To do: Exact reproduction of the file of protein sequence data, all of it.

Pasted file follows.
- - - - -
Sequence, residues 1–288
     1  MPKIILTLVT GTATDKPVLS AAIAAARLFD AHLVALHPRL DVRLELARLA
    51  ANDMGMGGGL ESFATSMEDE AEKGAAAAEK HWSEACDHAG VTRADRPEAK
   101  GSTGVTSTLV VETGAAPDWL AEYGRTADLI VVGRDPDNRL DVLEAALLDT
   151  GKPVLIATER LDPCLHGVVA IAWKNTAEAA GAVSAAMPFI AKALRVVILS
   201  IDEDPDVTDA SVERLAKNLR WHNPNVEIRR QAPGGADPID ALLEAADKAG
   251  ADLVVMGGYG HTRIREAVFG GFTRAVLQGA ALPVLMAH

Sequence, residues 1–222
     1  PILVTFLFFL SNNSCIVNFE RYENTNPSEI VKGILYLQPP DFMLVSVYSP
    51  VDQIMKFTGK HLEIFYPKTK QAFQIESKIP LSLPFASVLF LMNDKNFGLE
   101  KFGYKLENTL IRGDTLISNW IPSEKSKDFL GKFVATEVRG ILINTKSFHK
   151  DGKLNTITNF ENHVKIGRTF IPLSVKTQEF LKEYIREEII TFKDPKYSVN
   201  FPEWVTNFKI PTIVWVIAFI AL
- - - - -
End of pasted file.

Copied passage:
Sequence, residues 1–288
     1  MPKIILTLVT GTATDKPVLS AAIAAARLFD AHLVALHPRL DVRLELARLA
    51  ANDMGMGGGL ESFATSMEDE AEKGAAAAEK HWSEACDHAG VTRADRPEAK
   101  GSTGVTSTLV VETGAAPDWL AEYGRTADLI VVGRDPDNRL DVLEAALLDT
   151  GKPVLIATER LDPCLHGVVA IAWKNTAEAA GAVSAAMPFI AKALRVVILS
   201  IDEDPDVTDA SVERLAKNLR WHNPNVEIRR QAPGGADPID ALLEAADKAG
   251  ADLVVMGGYG HTRIREAVFG GFTRAVLQGA ALPVLMAH

Sequence, residues 1–222
     1  PILVTFLFFL SNNSCIVNFE RYENTNPSEI VKGILYLQPP DFMLVSVYSP
    51  VDQIMKFTGK HLEIFYPKTK QAFQIESKIP LSLPFASVLF LMNDKNFGLE
   101  KFGYKLENTL IRGDTLISNW IPSEKSKDFL GKFVATEVRG ILINTKSFHK
   151  DGKLNTITNF ENHVKIGRTF IPLSVKTQEF LKEYIREEII TFKDPKYSVN
   201  FPEWVTNFKI PTIVWVIAFI AL